The ‘Fiscal Fever’ is Broken
Posted at 1:26 p.m. on Dec. 30, 2013
Paul Krugman writes that “we were … suffering from fiscal fever [in 2012]: the insistence by virtually the entire political and media establishment that budget deficits were our most important and urgent economic problem, even though the federal government could borrow at incredibly low interest rates. Instead of talking about mass unemployment and soaring inequality, Washington was almost exclusively focused on the alleged need to slash spending … and hack away at the social safety net.”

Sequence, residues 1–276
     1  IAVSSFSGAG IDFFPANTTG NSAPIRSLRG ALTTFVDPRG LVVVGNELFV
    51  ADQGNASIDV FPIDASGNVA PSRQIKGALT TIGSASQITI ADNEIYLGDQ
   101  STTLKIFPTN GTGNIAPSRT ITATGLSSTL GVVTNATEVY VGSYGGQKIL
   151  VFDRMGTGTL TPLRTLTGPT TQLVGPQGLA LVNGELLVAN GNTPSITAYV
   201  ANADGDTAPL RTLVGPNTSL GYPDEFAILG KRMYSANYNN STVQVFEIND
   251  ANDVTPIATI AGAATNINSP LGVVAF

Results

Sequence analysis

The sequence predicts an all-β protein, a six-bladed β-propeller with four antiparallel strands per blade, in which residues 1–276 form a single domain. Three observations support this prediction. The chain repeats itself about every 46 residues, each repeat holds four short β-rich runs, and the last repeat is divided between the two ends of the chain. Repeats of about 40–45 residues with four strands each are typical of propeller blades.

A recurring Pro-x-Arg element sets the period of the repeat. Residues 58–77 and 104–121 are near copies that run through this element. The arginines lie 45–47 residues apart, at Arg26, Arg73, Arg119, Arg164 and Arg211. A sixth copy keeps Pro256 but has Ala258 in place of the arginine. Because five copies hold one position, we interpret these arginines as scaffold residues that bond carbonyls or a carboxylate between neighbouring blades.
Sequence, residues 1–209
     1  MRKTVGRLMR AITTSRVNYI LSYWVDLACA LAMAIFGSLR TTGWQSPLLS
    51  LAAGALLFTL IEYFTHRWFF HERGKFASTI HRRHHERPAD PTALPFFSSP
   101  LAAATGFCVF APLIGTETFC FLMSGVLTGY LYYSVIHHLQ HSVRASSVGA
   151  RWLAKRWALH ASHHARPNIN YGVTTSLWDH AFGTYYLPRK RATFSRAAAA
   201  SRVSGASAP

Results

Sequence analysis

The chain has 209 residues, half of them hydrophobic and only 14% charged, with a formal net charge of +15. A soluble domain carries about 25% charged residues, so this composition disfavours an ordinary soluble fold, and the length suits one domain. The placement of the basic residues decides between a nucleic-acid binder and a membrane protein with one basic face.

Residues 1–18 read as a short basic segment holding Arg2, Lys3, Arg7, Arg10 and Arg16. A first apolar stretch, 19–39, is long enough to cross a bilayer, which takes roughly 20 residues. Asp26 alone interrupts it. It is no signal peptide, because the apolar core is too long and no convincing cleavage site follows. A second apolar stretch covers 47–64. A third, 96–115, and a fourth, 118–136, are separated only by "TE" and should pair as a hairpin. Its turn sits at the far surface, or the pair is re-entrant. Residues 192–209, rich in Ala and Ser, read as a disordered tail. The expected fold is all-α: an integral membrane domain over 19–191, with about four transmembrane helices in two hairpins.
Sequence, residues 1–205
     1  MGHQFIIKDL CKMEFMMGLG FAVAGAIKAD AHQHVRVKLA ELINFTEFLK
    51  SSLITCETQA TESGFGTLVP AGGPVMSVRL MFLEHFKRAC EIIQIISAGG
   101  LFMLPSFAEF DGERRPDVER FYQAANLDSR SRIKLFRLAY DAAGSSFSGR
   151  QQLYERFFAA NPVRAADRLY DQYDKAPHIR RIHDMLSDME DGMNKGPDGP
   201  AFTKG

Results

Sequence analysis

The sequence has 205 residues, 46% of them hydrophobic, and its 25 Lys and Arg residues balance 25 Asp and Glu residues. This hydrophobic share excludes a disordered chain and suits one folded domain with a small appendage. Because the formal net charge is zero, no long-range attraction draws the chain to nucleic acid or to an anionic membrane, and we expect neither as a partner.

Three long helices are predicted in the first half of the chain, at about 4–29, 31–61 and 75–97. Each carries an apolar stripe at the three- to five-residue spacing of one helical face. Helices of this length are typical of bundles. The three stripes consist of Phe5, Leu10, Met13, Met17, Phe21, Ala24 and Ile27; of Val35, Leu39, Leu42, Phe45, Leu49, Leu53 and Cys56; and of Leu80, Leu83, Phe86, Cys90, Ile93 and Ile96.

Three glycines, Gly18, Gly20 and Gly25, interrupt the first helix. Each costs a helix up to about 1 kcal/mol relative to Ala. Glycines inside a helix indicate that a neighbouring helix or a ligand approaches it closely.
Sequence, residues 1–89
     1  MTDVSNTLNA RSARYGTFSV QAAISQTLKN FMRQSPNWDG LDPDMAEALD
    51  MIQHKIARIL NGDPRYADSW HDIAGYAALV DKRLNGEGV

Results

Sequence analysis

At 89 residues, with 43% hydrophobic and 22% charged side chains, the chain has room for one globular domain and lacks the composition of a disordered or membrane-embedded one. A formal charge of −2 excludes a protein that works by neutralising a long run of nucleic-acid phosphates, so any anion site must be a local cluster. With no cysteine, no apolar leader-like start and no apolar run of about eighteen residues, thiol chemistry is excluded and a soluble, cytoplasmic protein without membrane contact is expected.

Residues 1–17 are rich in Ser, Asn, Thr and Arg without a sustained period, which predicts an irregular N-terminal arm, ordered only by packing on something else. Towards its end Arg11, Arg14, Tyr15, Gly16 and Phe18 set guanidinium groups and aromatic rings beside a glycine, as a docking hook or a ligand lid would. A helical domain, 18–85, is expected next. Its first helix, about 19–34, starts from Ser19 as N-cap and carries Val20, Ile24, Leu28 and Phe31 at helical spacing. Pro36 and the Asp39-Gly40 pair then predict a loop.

The good news is that the “fever is broken.” Why?
“First, the political premise behind “centrism” … became untenable. There are no moderate Republicans.”
“Second, … a falling deficit has undermined the scare tactics so central to the ‘centrist’ cause. Even longer-term projections of federal debt no longer look at all alarming.”
“Finally, over the course of 2013 the intellectual case for debt panic collapsed.”
The bottom line: “While policy remains terrible, we’re finally starting to talk about real issues like inequality, not a fake fiscal crisis.”